Robert Parker is a worldwide famous wine critic, considered the highest authority in wine scoring since the 80s. He had applied a 100 points scale but very few selected wines reached the maximum score. His influence is substantial, especially on the North American market, and it’s also an important factor for setting the best wines prices. The Wine Advocate is the publication he created back in 1978, mainly for scoring the Bordeaux wines (his preferred wines). In time, Wine Advocate evolved and more famous wine regions are now tasted and scored by a team of wine experts. After his partial retirement, the publication has been sold in 2012 to a hedge fund investor from Singapore and now, since November 2019, it was announced that Michelin Guide became the sole owner of The Wine Advocate.
On 11 and 12 March this year, took place in Zürich (Switzerland) at the marvellous Dolder Grand Hotel, the Wine Advocate 5th edition of Matter of Taste, a huge event where hundreds of best wineries from all over the world are presenting their best cuvées to the public. Tastings, masterclasses, discussions are organized throughout the main event and we participated in some of these. As champagne lovers, we couldn’t miss the masterclass “Champagne: Past, Present & Future” greatly presented by Wine Advocate’s Deputy Editor, William Kelley. Beside Champagne, he’s also the Wine Advocate reviewer for famous regions such as Burgundy, Bordeaux, Madeira and English Sparkling wines.
The masterclass was centred on the evolution of the Champagne region and how the new techniques are adopted, mainly by the small/medium growers, but are also on the spot for the big houses. “This masterclass […] explores the recent history of Champagne and how the grower movement has precipitated change, looking at three different generations of the movement and also charting how the region’s best houses are increasingly acting like small vignerons”. There were six cuvées proposed for the tasting:
- Brut Collection 243 NV from Louis Roederer (RP92);
- Brut BdN PN TX17 NV from Bollinger (RP92);
- “Chemin de Chalons”, Extra-Brut BdB millésime 2018 from La Rogerie (RP94);
- “Les Terres Fines”, Extra-Brut BdB Premier Cru NV from Dhondt-Grellet (RP95);
- “Les Maillons”, Extra-Brut BdN millésime 2018 (d. 2022) from Ulysse Collin (RP97);
- Brut Grand Cru millésime 2013 from Egly-Ouriet (RP100).
No need to express now how good each of them was, we will detail all of these cuvées separately in a future post, we prefer to reveal now the conclusions of this excellently driven masterclass.
The global warming is a reality that growers notice each year. Warmer years are difficult for Champagne and there are two obvious options to solve the issue: either have earlier harvests (mid-end of August) which results in flat (less complex) still wines that requires more reserve wines, either leave the harvests as usual (in September) and obtain ripen grapes with less acidity, which leads to wines that loose the power to be aged for decent time. The third alternative is to make more concentrated wines, but that means less production and more expensive bottles which now is difficult due to an already increased demand for champagne (trend that became reality after the pandemic). Most champagne vignerons are now juggling with the alternatives and use new techniques in order to provide high quality cuvées. Even the big houses are embracing new philosophies and revolutionary techniques resulting in higher quality champagne.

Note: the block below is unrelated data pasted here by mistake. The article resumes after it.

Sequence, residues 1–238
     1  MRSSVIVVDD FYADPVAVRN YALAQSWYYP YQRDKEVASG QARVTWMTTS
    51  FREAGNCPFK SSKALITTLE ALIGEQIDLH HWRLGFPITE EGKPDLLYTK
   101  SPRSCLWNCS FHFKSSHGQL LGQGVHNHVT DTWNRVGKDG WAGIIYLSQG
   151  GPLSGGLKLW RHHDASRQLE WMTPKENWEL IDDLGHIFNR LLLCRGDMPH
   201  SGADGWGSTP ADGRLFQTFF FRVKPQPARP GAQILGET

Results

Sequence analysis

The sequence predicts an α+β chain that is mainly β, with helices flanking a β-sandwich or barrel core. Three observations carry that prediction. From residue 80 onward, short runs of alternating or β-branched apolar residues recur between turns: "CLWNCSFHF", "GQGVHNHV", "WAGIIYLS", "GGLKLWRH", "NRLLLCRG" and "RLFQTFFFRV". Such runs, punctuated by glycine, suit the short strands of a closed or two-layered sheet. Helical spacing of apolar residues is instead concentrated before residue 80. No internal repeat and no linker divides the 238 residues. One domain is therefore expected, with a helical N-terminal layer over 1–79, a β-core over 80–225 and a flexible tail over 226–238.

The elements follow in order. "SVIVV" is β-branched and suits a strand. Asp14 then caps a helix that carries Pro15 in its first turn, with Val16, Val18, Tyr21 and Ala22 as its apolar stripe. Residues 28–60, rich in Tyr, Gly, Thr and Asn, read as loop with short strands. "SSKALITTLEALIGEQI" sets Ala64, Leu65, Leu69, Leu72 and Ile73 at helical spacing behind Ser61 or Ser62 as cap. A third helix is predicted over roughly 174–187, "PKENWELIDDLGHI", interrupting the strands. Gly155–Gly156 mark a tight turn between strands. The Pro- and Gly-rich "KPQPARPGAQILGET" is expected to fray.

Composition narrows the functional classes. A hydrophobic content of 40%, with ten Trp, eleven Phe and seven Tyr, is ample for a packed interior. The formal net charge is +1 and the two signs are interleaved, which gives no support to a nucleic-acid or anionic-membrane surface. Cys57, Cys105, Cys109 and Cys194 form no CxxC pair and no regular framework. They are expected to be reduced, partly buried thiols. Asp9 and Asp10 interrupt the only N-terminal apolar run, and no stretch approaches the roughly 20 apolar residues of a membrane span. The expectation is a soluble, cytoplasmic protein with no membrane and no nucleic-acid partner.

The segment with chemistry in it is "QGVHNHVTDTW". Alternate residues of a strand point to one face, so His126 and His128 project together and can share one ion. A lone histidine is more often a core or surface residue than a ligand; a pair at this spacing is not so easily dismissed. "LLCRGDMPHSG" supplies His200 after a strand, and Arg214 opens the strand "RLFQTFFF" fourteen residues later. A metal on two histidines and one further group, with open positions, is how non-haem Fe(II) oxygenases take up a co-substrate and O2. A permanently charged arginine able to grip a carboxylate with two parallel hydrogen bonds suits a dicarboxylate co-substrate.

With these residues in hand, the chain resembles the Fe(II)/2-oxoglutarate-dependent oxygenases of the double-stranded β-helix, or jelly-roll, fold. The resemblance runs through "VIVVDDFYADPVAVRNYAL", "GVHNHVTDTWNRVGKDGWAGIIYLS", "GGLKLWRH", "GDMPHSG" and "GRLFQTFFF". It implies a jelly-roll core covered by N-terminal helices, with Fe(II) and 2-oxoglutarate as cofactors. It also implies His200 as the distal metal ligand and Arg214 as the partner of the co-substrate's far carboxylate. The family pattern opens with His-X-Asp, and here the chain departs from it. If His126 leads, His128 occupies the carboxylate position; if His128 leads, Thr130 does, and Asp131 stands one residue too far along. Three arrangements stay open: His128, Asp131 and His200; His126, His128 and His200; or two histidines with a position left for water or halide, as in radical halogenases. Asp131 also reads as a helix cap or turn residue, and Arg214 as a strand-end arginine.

The public is also becoming more skilled and requires complex and full of character cuvées; this demand offers great opportunities for smaller, unknown growers. If 20 years ago the main Champagne areas were considered Montagne de Reims and Côte des Blancs, where all the Grand Cru villages are, now there are excellent cuvées and producers from Côte des Bar, Côte de Sézanne or Coteaux Sud d’Épernay (just to name a few). Biodynamic and sustainable are on the lips of the majority of the growers and exotic techniques are used to obtain outstanding cuvées. Understanding and taking advantage of the terroir’s influence, using the harmony of the nature, is fundamental to creating exquisite champagnes. We have to mention here the extraordinary Anselme Selosse and his great contribution to this trend of new growers. Those skills, influenced by his earlier Jerez (Spain) and Burgundy experiences, are the base for the trendiest names in Champagne today (Olivier Collin from Ulysse Collin, Raphaël Bérèche from Bérèche et Fils, Bertrand Gautherot from Vouette & Sorbée, Franck Pascal, Jérôme Prévost from La Closerie and so on).
We have noticed this trend of biodynamic, sustainable or natural agriculture is also embraced by medium/big houses like Louis Roederer, Gosset, Bollinger, Mumm etc.